Boasting more than 14,000 completed projects, ReVision Energy is a major solar installation company in New England. It also installs heat pumps, solar battery backups and electric vehicle charging. ReVision Energy offers five years of full coverage of labor and honors manufacturer warranties up to 25 years. Customers can pay for their home solar system either with an upfront cash payment or a solar loan. 

603 Solar is a solar energy service based in Portsmouth, New Hampshire. It specializes in grid-tied and hybrid solar systems as well as energy monitoring. 603 Solar’s online monitoring system allows you to track exactly what your system is producing on any given day and will alert you if any issues arise. 603 Solar offers warranties up to 25 years and solar financing through the VSECU.

How to determine which solar company in New Hampshire is best for me

According to the Solar Energy Industries Association, there are 65 solar companies operating in New Hampshire, including 24 installers. With so many options, it’s important you take the time to choose the right solar panel company for your home. There are several variables you should consider before locking in a contract with a solar installer.

First, look into the company’s installation process. Many solar companies use in-house employees to perform installations, but some others hire out subcontractors to do the work on your home. Look into your chosen company’s installation process and what it could mean for you.

More importantly, make sure the solar company has the proper product you want (solar panels, solar batteries, etc.), offers long and fair warranties and has good customer service ratings.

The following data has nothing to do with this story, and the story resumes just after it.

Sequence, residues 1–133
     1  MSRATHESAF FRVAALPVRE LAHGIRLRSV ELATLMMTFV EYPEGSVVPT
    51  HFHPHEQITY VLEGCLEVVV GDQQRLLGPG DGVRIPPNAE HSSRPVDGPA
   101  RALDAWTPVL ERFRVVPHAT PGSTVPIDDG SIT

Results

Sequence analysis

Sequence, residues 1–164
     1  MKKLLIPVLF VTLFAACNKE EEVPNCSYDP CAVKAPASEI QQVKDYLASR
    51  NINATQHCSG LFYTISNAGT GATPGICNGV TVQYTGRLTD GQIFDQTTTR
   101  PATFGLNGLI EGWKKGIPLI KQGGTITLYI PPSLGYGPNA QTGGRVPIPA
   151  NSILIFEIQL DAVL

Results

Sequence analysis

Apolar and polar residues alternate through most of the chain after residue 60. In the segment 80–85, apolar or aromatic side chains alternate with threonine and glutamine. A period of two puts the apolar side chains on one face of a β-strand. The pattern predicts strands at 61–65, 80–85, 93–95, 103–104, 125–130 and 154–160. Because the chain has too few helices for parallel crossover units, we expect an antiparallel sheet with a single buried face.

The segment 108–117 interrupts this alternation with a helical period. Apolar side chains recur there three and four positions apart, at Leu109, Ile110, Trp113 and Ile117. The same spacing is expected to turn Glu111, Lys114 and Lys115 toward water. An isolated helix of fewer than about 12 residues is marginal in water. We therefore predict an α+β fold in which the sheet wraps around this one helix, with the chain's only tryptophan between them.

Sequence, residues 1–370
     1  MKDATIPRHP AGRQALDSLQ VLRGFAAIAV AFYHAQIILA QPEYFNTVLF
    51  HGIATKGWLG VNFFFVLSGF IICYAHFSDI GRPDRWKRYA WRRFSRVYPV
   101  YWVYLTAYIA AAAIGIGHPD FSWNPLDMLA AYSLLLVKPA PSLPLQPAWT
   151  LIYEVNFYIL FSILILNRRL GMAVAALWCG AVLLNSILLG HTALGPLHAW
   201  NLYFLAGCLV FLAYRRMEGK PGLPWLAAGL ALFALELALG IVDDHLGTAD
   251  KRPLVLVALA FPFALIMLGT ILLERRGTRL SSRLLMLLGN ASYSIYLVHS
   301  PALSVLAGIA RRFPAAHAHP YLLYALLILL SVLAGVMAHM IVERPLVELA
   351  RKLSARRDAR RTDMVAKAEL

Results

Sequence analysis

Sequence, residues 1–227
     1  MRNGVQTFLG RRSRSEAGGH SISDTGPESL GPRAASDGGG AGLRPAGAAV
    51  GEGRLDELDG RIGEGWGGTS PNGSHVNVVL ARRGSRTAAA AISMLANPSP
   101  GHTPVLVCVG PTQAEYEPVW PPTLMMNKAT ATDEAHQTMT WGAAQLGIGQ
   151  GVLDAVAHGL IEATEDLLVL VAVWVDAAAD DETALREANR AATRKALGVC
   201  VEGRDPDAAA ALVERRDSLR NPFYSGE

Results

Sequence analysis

Before choosing a solar panel installer, make sure to consult with and get bids from at least four to five companies to make sure you’re getting the best deal you possibly can.

Cost of solar panels in New Hampshire

Here’s a look at the average cash price for a typical solar panel system before factoring in tax credits and incentives, according to data from

Average cost of solar panels in New Hampshire

Typical system size (kW) Price per watt Total installed cost Cost after 30% federal tax credit
New Hampshire 6 $4.22 $25,320 $17,724
National average 8.6 $3.67 $31,558 $22,091

The following infographic map displays the average total cash price, cost per watt and system size for a solar panel system in your state, according to data from These prices don’t represent rebates from tax credits or state incentives. Certain states don’t have any FindEnergy solar data and are grayed out on the map.

New Hampshire solar panel incentives or rebates

The cost of solar panels has decreased significantly over the past decade, but they can still run tens of thousands of dollars. With the help of federal tax credits and New Hampshire solar incentives and rebates, though, you can lessen the financial burden of going solar. 

The Inflation Reduction Act extended the federal residential clean energy credit (formerly known as the solar investment tax credit) until 2034. This credit allows you to deduct 30% of the cost of your solar system from your federal tax.

Installing solar power will increase the value of your home and thus your property taxes. In certain parts of New Hampshire, you may be eligible for a property tax exemption when you install solar panels. New Hampshire doesn’t have any sales tax either.